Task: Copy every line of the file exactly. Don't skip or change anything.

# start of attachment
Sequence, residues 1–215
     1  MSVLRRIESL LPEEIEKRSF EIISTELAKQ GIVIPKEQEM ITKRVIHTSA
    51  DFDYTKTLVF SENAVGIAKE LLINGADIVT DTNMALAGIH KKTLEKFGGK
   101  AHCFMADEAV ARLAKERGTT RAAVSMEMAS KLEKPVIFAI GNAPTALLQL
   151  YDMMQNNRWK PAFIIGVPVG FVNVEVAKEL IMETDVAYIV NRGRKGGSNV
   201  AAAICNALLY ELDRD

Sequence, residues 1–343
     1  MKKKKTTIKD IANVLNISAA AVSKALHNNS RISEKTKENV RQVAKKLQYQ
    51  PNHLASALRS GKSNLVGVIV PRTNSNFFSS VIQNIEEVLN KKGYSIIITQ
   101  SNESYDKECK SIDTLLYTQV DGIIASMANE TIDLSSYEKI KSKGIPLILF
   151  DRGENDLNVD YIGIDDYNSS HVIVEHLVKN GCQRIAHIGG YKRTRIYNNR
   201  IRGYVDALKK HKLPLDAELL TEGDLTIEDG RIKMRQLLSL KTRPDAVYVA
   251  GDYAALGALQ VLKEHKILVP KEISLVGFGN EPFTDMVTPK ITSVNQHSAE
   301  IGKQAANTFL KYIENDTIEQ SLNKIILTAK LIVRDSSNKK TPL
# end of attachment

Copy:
Sequence, residues 1–215
     1  MSVLRRIESL LPEEIEKRSF EIISTELAKQ GIVIPKEQEM ITKRVIHTSA
    51  DFDYTKTLVF SENAVGIAKE LLINGADIVT DTNMALAGIH KKTLEKFGGK
   101  AHCFMADEAV ARLAKERGTT RAAVSMEMAS KLEKPVIFAI GNAPTALLQL
   151  YDMMQNNRWK PAFIIGVPVG FVNVEVAKEL IMETDVAYIV NRGRKGGSNV
   201  AAAICNALLY ELDRD

Sequence, residues 1–343
     1  MKKKKTTIKD IANVLNISAA AVSKALHNNS RISEKTKENV RQVAKKLQYQ
    51  PNHLASALRS GKSNLVGVIV PRTNSNFFSS VIQNIEEVLN KKGYSIIITQ
   101  SNESYDKECK SIDTLLYTQV DGIIASMANE TIDLSSYEKI KSKGIPLILF
   151  DRGENDLNVD YIGIDDYNSS HVIVEHLVKN GCQRIAHIGG YKRTRIYNNR
   201  IRGYVDALKK HKLPLDAELL TEGDLTIEDG RIKMRQLLSL KTRPDAVYVA
   251  GDYAALGALQ VLKEHKILVP KEISLVGFGN EPFTDMVTPK ITSVNQHSAE
   301  IGKQAANTFL KYIENDTIEQ SLNKIILTAK LIVRDSSNKK TPL